Strip by: Levellass
The author writes:
One question that has yet to be answered on this site is what exactly the square root of minus Garfield actually is. Initially this might seem like a non sequitur; 'Garfield' is a string of letters, not a number. But, it doesn't take much to develop a logically coherent system for determining this.
Firstly we encode the text string 'Garfield' as ASCII. This will convert it from text to a string of hexadecimal numbers: 47 61 72 66 69 65 6C 64. If we simply run this all together we get the hexadecimal number $4761726669656C64 or 5'143'518'033'614'302'308.
'But wait!' you may object. 'If we make that number negative, then, when we take the (principal) square root, we get an imaginary number with an irrational coefficient!' And you would be correct, that's a very messy thing to have. But this is why we chose hexadecimal ASCII as our system! In hex, or more specifically in computing, it's possible for numbers to come in two types, signed and unsigned.
Consider a single byte with possible values of 00-FF. If the byte is unsigned then these values, represented as base ten integers, range from 0-255. BUT if the byte is signed then the values it can have range from -128 to 127. How do we represent negative numbers? Well, while 1 is $01, -1 is $FF. $02/$FE, $03/$FD and so on. To get a negative value, simply subtract that value from 256. A bit odd, but let's roll with it.
Now 'Garfield' just so happens to be an 8-byte string. To make it negative under this system we merely need to subtract its hex value from $10000000000000000. This gives us the hex value $C89E8D99969A939C which, if we interpret it as an unsigned base ten integer, is 14'456'147'544'702'096'284 or about 14 quadrillion.
The square root of this is positive, but irrational; 3'802'124'083.285... or about 3 billion. Can we do better than this mess? Well yes we can! 3'802'124'083.28582778303 squared gives us a value that rounds up to minus Garfield.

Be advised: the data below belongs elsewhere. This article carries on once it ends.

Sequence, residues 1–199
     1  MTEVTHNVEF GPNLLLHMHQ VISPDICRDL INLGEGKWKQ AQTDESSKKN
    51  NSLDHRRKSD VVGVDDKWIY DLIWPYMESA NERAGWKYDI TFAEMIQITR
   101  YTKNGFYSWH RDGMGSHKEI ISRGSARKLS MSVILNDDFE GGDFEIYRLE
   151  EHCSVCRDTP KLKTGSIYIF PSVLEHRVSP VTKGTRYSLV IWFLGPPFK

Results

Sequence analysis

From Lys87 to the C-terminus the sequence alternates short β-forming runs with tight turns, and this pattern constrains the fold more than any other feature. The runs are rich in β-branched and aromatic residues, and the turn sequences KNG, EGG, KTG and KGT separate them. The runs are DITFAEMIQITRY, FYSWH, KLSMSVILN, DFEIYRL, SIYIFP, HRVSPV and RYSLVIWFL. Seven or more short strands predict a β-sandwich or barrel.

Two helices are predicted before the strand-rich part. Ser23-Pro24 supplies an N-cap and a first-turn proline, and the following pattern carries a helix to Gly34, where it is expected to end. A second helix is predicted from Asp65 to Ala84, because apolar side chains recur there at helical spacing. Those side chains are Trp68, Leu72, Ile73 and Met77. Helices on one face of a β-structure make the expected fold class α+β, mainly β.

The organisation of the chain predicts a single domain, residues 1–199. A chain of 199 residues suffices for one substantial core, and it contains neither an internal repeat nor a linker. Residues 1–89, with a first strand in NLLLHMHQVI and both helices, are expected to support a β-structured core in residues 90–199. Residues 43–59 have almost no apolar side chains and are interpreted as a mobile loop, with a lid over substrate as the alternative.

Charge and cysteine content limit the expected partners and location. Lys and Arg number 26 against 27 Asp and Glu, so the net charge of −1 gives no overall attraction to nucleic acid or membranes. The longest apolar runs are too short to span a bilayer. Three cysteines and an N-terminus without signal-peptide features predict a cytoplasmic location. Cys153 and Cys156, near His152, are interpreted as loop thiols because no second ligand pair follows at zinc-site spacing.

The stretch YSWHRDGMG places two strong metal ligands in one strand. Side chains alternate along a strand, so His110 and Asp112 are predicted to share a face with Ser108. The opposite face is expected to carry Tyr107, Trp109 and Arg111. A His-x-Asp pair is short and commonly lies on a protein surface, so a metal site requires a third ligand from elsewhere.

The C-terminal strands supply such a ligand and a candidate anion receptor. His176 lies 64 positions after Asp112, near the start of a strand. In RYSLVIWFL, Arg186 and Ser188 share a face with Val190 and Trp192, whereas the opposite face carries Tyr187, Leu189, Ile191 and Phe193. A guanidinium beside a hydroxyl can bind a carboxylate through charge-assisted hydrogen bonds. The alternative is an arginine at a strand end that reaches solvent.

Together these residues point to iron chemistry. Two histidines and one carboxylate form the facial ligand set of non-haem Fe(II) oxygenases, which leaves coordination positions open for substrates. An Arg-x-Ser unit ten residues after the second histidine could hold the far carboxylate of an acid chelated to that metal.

But we can take this further: in computing there's something called 'IEEE-754 Floating Point'. This is how computers store numbers as a string of 32 bits (4 bytes).
The value of a IEEE-754 number is computed as:
sign 2exponent mantissa
The sign is stored in bit 32. The exponent can be computed from bits 24-31 by subtracting 127. The mantissa (also known as significand or fraction) is stored in bits 1-23. An invisible leading bit (i.e. it is not actually stored) with value 1.0 is placed in front, then bit 23 has a value of 1/2, bit 22 has value 1/4 etc. As a result, the mantissa has a value between 1.0 and 2. If the exponent reaches -127 (binary 00000000), the leading 1 is no longer used to enable gradual underflow. If you didn't understand a word in this paragraph, ignore it. This has gone on long enough as it is.
The final result of this is that the decimal value 1331863503 (binary 01001111011000101001111111001111) represents root -Garfield in Floating Point. Well... not quite. It turns out that a lot of values CAN'T be represented this way and this is one of them. The actual value stored is 3802124032 which is significantly different from the decimal value we calculated. Still, that's the best that 32 bit computing can offer.
So there we have it, the true value of the square root of minus Garfield at last. I should also note that this submission was designed to be the smallest submission in terms of area, side lengths and file size in an attempt to break my own laziness record. Sadly the thinking that went into its construction may have sabotaged this.